Autism spectrum disorders (ASD) are neuro-developmental impairments characterised by difficulties with communication, socialisation, and rigid and repetitive behaviours (American Psychiatric Association, 2013).
Although not part of the diagnostic criteria, it is common that children with ASD often display challenging behaviours. These are inappropriate behaviours that children face that often interfere with their daily living, ability to learn and impact their quality of life.
These behaviours can be wide-ranging. It includes challenges as varied as non-compliance to doing everyday tasks, refusing to eat a particular food, behaving inappropriately in public, or intolerance to changes in their routines. It can be challenging as a parent or caregiver to manage your child’s behaviours, which often causes stress.
In this article, our Senior Case Supervisor, Edith Kho, will be sharing why behaviours occur and a 3-step guide on how to manage and address your child’s challenging behaviours.
The first step to managing behaviours is to understand why they occur.
Introducing the A-B-C to Understanding Why Behaviours Occur:
A - Antecedents:
These are what we call the ‘triggers’ that lead to your child’s behaviours.
B - Behaviours:
These are the behaviours your child display in response to the trigger (E.g. Tantrums, Aggression, Non-Compliance)
C - Consequence:
The consequence is what your child gets from displaying the behaviours. This will also determine whether your child is likely to repeat the same behaviour or not.
Now that we understand why behaviours occur, the next step is to learn how to manage and address these behaviours.
3-Step Guide to Managing Challenging Behaviors for Autism:
Step 1: Identify the disruptive behaviour that your child is displaying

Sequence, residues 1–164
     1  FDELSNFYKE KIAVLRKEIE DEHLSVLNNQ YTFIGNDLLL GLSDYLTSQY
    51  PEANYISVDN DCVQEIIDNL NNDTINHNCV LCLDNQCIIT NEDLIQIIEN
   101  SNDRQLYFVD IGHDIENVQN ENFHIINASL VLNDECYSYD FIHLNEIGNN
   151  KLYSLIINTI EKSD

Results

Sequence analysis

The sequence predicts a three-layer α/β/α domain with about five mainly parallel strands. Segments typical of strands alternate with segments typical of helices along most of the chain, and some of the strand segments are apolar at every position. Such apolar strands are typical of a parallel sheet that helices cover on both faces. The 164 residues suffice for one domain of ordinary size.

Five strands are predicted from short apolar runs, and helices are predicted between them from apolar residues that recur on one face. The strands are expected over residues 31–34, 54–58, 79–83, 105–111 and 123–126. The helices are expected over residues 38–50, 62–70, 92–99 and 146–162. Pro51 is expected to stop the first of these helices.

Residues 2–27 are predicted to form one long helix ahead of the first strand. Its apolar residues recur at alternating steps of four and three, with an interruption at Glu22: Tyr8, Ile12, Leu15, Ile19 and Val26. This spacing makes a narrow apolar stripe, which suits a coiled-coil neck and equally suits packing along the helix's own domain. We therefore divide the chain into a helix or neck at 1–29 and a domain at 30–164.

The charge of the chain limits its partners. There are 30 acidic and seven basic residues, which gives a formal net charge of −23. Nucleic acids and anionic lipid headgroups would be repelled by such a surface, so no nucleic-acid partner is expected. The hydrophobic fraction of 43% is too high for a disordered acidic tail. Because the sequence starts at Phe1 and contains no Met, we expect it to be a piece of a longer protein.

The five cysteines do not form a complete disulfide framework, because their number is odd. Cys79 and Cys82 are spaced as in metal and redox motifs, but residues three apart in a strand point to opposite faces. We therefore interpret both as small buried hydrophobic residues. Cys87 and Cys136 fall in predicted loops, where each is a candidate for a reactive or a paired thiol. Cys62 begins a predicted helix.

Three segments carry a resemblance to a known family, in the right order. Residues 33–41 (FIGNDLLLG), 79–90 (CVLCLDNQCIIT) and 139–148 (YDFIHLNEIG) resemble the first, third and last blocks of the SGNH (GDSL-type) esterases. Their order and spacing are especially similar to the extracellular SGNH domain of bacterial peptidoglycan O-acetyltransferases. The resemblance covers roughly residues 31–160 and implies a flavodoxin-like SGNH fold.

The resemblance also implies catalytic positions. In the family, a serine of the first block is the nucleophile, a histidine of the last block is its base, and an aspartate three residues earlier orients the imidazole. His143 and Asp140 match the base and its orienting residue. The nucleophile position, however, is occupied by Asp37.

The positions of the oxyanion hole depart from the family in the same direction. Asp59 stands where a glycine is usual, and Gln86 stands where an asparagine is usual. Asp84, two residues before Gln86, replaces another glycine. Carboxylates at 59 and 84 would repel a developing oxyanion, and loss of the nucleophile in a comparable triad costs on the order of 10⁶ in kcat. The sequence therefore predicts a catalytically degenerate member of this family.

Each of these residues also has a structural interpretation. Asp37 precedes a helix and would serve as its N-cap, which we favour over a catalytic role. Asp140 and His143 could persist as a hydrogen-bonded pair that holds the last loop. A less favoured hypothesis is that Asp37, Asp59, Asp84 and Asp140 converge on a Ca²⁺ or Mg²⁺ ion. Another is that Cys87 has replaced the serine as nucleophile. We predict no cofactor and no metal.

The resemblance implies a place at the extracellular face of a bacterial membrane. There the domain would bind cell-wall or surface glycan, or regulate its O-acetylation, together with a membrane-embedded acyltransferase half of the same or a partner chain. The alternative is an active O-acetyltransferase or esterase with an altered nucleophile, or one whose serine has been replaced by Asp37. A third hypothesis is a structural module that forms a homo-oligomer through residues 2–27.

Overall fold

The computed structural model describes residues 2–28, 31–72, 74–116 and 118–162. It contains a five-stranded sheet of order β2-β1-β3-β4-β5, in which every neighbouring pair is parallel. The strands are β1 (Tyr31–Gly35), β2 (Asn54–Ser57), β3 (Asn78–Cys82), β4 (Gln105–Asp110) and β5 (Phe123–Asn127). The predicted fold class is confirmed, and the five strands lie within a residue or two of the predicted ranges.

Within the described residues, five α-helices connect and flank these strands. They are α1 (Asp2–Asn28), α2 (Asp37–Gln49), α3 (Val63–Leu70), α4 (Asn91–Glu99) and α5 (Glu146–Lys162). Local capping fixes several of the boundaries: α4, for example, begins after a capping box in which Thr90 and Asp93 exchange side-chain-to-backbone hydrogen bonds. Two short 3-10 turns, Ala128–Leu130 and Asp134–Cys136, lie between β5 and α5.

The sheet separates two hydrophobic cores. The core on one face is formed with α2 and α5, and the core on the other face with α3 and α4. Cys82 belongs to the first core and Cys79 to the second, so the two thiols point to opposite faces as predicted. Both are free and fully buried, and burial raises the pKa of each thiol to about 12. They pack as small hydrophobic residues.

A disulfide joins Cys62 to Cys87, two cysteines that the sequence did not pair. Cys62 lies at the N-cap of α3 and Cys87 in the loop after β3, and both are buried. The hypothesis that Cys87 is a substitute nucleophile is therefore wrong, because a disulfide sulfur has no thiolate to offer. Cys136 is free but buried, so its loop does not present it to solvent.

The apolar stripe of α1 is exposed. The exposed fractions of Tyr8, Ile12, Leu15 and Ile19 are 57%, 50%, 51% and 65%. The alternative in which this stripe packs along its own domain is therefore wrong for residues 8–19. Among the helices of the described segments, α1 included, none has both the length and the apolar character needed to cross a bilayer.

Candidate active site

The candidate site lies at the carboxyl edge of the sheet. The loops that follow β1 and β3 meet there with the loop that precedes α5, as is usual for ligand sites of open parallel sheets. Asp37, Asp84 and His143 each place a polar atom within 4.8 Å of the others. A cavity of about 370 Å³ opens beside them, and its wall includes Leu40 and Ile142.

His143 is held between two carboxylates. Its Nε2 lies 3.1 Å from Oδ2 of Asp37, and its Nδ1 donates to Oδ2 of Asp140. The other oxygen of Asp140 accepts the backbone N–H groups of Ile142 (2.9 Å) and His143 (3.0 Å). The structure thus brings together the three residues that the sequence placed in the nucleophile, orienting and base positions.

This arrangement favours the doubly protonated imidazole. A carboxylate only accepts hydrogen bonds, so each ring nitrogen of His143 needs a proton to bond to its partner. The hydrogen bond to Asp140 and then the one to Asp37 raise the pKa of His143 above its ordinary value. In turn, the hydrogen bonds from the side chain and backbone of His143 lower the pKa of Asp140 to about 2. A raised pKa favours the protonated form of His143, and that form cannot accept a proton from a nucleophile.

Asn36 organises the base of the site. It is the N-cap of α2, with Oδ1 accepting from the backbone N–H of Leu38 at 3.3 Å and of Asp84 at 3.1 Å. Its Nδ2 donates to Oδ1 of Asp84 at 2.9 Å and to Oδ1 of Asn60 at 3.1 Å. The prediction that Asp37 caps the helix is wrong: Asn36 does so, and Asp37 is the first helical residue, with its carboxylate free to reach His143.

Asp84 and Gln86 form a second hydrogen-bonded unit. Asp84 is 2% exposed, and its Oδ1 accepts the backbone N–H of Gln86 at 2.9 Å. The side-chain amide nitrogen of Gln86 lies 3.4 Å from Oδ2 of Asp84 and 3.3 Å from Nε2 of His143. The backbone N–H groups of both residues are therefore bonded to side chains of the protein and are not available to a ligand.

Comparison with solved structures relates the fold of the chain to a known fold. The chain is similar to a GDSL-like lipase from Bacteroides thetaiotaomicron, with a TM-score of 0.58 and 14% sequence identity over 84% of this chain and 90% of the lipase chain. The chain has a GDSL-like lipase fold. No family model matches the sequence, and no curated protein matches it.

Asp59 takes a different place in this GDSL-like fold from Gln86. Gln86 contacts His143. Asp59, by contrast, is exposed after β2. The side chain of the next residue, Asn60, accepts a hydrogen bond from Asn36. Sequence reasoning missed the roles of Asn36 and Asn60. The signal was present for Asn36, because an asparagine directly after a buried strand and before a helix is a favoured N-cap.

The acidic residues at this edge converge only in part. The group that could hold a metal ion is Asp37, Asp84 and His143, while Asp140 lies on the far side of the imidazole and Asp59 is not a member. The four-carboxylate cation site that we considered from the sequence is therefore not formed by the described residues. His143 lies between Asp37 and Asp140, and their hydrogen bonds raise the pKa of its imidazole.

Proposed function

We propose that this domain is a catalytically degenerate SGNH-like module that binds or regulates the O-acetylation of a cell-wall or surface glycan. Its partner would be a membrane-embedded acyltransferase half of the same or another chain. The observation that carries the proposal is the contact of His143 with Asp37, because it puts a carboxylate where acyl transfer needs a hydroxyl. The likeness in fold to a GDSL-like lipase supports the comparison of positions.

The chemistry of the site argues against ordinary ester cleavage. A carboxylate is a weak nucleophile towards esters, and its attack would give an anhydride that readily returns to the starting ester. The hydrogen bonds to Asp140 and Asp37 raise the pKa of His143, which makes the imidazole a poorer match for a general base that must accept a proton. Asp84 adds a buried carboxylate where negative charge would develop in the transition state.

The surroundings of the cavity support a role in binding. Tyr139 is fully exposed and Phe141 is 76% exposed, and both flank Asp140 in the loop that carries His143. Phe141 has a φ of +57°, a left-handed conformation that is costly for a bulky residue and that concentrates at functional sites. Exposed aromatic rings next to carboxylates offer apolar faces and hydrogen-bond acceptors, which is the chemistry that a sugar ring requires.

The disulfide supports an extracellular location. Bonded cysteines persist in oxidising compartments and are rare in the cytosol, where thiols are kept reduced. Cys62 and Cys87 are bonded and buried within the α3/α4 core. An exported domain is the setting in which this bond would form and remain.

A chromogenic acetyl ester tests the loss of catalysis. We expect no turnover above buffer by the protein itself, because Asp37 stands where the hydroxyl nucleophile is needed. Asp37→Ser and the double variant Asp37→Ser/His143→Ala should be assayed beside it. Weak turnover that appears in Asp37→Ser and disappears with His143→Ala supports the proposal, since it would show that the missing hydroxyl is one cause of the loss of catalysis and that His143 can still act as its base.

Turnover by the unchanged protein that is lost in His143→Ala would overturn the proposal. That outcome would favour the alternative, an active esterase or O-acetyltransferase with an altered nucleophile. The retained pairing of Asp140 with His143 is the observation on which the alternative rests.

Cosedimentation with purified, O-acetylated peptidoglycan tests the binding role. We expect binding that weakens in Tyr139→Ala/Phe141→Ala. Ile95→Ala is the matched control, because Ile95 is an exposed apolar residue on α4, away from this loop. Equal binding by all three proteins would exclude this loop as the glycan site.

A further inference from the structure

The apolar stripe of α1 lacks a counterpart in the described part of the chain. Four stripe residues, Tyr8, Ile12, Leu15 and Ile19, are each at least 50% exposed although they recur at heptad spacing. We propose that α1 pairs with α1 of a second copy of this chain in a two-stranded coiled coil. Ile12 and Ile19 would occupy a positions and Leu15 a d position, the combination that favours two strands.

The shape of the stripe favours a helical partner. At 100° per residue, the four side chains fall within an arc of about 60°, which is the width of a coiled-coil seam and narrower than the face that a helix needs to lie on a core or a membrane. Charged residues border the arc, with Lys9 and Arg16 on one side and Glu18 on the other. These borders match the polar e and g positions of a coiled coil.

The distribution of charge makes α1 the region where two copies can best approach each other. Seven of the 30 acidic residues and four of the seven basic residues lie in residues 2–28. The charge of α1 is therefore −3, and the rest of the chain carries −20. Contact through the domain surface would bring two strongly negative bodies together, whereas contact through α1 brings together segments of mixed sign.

Step 2: Find out possible reasons causing your child to behave this way
|BIOLOGICAL|| • Tired |
|LEARNED|| • For avoidance |
• To gain access to something
• To get someone’s attention
• For boredom
• Frustration when they unable to communicate or when refused from something that they want
Step 3: Addressing these behaviours
Once we have identified the possible reason(s), we can look at how we can address these behaviours through these two strategies:
|"IN THE MOMENT"||What can we do in the moment when the child is displaying these behaviours?|
|"PROACTIVELY"||Looking at what are some meaningful replacement skills we can teach the child to help reduce the problem behaviours.|
A replacement skill is a skill that is more appropriate to replace disruptive behaviour. For example, instead of running away by themselves, you can teach your child to point and say, “I want to go there!” or instead of spitting the food, he or she can learn to say “I don’t want!”
Utilising the 3-step guide above, you can start with common behaviours that occur daily. Addressing challenging and disruptive behaviours takes time and practice, but your child will be more ready to learn and acquire new skills once these behaviours are addressed.